Researchers from Michigan Technological University’s School of Forestry started gathering data in 2010 in order to determine the best types of biofuel crops to be grown on idle lands in Michigan’s Western Upper Peninsula.  They started several hybrid willow test plots in 2011 in Ontonagon County and will continue to monitor biofuel crop progress at these sites.  A research report was developed earlier this year outlining the opportunities and details in turning idle land into biofuel crop producing land.

Following is an excerpt from that research report:

There is a tremendous potential in the United States to produce energy and transportation fuels locally, from renewable forms of forest and agriculture biomass (U.S. Department of Energy 2011). Sourcing energy locally means that jobs, dollars and economic activity remain in the region, enhancing the social and economic sustainability. Biomass energy also means that production can shift from fossil sources to green, carbon-neutral and environmentally sustainable sources. Together, these approaches act synergistically to increase both energy security and energy sustainability.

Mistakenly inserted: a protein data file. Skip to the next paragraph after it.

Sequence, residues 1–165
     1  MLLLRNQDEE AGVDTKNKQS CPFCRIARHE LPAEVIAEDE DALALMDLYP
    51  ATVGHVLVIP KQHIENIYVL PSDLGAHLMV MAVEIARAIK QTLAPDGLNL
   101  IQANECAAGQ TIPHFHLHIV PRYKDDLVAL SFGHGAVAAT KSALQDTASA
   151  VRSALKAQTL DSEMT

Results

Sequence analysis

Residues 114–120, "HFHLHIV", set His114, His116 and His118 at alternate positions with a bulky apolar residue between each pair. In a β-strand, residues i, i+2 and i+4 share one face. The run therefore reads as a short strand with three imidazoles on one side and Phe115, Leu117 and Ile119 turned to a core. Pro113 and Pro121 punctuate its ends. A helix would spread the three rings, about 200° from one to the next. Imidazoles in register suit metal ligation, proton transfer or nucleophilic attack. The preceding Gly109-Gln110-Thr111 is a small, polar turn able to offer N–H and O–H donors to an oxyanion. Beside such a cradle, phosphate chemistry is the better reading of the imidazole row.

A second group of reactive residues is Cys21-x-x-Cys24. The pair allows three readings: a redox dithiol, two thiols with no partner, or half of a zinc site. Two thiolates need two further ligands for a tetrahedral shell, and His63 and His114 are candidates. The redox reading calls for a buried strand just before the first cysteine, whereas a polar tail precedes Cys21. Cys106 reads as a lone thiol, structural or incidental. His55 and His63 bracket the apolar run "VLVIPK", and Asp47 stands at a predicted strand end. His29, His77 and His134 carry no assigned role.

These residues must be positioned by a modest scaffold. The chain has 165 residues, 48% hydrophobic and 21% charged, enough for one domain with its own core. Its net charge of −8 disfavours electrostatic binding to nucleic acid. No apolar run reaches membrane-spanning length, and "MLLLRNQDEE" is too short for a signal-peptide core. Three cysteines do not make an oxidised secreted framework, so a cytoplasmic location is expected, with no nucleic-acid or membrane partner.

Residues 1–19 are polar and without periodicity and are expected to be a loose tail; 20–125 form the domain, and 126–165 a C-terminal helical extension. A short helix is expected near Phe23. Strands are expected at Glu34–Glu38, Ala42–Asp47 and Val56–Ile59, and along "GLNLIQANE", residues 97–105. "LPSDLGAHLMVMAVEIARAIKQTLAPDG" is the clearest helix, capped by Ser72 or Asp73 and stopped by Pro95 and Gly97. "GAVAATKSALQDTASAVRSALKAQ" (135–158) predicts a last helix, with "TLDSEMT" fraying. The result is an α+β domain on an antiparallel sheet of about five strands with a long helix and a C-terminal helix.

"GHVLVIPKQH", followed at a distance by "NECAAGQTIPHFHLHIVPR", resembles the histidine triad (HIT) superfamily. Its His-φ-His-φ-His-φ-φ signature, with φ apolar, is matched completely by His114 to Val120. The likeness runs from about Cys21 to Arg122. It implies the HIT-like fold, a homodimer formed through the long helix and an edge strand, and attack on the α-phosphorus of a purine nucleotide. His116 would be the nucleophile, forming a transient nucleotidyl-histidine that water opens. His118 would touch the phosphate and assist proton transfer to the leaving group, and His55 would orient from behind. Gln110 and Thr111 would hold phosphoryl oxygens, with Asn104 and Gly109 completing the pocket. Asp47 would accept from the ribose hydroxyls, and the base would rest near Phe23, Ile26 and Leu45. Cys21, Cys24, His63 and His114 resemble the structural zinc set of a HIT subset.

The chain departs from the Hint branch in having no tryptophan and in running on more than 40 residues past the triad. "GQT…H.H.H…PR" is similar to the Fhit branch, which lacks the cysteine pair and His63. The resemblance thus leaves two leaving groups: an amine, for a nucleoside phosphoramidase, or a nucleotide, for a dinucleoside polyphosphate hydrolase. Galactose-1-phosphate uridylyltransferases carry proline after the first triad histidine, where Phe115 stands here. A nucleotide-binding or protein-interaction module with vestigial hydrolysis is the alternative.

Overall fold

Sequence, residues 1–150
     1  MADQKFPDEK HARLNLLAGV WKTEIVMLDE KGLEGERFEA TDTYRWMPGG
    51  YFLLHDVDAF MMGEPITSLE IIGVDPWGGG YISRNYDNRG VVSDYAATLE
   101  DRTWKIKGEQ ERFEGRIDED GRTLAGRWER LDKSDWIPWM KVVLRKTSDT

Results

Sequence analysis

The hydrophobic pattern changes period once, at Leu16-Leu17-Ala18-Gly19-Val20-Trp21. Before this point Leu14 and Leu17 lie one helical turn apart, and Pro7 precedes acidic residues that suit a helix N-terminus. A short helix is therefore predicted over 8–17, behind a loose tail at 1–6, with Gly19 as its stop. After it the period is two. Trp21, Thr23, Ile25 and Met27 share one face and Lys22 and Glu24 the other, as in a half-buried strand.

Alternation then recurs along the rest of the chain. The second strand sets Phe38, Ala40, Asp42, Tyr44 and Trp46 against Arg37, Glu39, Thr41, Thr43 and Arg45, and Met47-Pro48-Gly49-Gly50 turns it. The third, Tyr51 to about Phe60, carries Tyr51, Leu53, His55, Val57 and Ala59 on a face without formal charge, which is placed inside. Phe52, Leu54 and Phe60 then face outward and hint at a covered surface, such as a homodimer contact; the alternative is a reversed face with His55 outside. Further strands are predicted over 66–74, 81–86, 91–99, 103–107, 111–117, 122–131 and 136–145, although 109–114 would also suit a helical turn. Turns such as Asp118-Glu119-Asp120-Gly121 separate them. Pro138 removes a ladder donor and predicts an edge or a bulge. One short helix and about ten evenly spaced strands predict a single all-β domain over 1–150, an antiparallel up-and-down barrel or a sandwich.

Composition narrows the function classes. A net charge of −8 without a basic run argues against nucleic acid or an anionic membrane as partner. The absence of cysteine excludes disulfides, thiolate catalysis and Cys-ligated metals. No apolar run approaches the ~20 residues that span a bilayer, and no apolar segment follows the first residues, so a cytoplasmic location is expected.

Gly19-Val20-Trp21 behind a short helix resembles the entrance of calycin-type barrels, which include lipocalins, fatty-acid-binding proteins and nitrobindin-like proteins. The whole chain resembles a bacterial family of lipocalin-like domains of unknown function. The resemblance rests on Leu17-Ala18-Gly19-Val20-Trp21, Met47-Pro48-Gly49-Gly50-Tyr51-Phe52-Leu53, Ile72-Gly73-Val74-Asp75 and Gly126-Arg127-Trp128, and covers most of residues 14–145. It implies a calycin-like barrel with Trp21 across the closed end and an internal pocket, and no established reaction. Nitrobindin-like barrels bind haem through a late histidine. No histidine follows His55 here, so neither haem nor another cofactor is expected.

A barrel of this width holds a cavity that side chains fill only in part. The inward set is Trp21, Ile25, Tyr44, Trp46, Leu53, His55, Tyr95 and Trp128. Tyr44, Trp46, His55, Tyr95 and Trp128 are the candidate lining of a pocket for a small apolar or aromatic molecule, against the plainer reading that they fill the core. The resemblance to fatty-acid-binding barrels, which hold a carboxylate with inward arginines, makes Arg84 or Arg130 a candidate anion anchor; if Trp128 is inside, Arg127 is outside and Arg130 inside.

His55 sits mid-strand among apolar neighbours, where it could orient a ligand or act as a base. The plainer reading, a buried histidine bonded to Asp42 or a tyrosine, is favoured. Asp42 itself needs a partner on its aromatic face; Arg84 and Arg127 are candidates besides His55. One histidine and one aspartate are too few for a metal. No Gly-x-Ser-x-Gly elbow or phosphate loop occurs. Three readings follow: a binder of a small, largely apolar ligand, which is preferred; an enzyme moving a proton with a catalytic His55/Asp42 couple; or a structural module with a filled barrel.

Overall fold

Forests dominate the landscape in the western Upper Peninsula, but there is a significant component of retired farmland that is currently not in production for a commercial crop. We estimate the retired agriculture landbase to be over 56,000 acres within a 60-mile transport distance from Ontonagon, MI, with about half of this within just 30 miles.

To view the full report: Energy Crop Opportunities in the Western Upper Peninsula of Michigan click here.

To learn more about each potential biofuel crop that can be grown in the Upper Peninsula please click on a link below.


 Hybrid Poplar        Shrub Willow        Switchgrass